Chinese investment in Mexico put on hold
The cancellation of a high profile transportation project has affected prospects for Chinese investment in Mexico for the time being.
Since assuming the presidency in 2012, Enrique Pena Nieto has held broadening business relations between his country and China as an important objective. While investment that flowed from the Far East’s most prolific economic powerhouse to Latin America and the Caribbean totaled US $14.4 billion in 2013 alone, Chinese investment in Mexico during the period covering 2000 – 2013 was an almost inconsequential $US 281 million. Pena Nieto fixed his gaze on securing Chinese investment in Mexico as a way to diversify sources of capital inflows, and to reduce his country’s high degree of dependence on the United States for economic partnership and exchange, as well as to mitigate some of the negative economic effects linked to the global fall in the price of a crude oil.
During the last quarter of 2014, Pena Nieto was on the right track as regards achieving his goal, when, in November, he announced that a Chinese led consortium had been awarded a bid to construct a US $3.7 billion high-speed rail line in Mexico. When built and operational, a Chinese-made bullet train would traverse approximately one hundred and thirty-four miles of countryside between the Federal District and the industrial City of Queretaro to its Northeast. The bid was awarded to the China Railway Construction Corp., (CRCC) Ltd, and its partners which included two CRCC Chinese affiliates and three Mexican construction companies. Although several other firms such as Germany’s Siemens, France’s Alstom and Canada’s Bombardier expressed keen interest in submitting bids in order to solicit the business, they were not able to do so in the time frame that was stipulated by the Mexican government. As a result, the China Railway Construction Corp., Ltd. was the lone bidder.A few days after the award, CRCC’s contract and that of its three Mexican partners was unexpectedly revoked.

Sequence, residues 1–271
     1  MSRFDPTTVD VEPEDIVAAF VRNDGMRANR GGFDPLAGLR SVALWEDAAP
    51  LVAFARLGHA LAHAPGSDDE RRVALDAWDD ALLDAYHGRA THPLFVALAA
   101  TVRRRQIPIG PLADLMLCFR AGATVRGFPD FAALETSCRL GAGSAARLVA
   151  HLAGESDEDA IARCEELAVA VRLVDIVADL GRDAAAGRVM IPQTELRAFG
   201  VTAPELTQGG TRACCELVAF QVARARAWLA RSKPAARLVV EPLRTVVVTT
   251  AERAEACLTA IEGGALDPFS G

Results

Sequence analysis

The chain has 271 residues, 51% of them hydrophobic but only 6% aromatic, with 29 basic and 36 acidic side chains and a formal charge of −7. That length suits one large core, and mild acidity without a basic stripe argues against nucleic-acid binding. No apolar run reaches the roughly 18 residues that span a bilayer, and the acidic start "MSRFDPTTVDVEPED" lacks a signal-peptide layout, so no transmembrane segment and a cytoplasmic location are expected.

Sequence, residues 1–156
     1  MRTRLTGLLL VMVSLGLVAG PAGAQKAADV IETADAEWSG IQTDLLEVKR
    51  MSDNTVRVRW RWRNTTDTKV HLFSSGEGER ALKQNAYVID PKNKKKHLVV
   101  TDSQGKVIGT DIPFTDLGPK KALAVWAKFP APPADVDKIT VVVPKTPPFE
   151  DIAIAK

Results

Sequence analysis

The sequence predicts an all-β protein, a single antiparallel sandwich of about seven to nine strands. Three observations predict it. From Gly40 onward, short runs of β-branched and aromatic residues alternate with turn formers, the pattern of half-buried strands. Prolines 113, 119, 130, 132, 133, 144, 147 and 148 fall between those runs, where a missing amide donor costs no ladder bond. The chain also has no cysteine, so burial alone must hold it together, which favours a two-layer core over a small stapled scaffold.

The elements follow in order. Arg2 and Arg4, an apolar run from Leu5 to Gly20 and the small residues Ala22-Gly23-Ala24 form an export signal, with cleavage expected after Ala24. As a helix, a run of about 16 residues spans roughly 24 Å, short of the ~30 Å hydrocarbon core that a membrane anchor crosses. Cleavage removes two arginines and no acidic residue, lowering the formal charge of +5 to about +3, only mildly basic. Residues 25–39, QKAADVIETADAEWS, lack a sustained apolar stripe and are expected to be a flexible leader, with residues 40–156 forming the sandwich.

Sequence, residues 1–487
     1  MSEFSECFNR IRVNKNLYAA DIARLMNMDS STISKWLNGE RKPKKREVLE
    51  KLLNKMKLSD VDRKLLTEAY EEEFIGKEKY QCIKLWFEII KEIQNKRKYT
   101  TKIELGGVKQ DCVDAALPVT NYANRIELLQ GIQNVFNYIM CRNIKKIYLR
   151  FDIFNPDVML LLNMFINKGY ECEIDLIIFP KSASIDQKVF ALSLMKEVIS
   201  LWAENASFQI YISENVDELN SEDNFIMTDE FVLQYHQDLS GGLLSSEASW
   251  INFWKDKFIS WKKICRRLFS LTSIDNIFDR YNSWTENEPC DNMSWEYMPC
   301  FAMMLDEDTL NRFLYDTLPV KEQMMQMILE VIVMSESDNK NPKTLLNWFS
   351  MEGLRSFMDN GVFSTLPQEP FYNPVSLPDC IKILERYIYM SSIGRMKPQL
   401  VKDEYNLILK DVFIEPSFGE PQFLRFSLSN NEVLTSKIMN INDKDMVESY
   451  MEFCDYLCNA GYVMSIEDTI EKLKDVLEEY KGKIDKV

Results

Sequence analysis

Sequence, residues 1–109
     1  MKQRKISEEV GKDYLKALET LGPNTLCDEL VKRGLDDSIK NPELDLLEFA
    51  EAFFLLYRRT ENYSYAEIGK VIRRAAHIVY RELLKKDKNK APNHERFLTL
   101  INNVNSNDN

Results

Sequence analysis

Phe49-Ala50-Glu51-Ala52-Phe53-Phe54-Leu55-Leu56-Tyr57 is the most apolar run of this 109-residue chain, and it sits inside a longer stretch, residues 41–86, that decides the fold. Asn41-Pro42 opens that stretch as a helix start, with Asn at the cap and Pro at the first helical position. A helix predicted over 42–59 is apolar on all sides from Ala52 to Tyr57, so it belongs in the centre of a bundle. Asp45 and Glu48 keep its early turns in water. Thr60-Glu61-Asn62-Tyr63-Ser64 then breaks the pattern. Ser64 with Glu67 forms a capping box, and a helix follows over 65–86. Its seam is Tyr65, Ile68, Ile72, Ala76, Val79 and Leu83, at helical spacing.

The decision to withdraw the business occurred amidst allegations of irregularities between the Pena Nieto government and some of the participants in the deal. After the announcement of the revocation of the bid award was made public, shares of China Railway Construction, Ltd. stock lost five percent of their value on the Shanghai Stock Exchange.
As a result of the derailment of the Mexico City – Queretaro high-speed train project, Chinese investment in Mexico has been put on hold for the foreseeable future. Several prominent businessmen, including a ranking executive with the China Harbor Engineering Company, Ltd., (CHECH), have expressed that China’s business community, as well as its government’s economic officials, have lost confidence that the present Mexican government can ensure certainty as regards its investments. There are those that speculate that Chinese investment in Mexico that was in the process of being
considered in other areas will not be pursued again until after 2018. These projects include:
- the expansion of the Northwest Port of Guaymas
- the construction of a shipyard at the Port of Tuxpan in the State of Veracruz;
- the installation of a wireless communications network;
- the building of a pipeline to carry natural gas in Baja California.
According to Zhan Nan, the spokesperson for China’s First Automobile Works in Mexico, his company and others have put Chinese investment in Mexico on hold for the time being.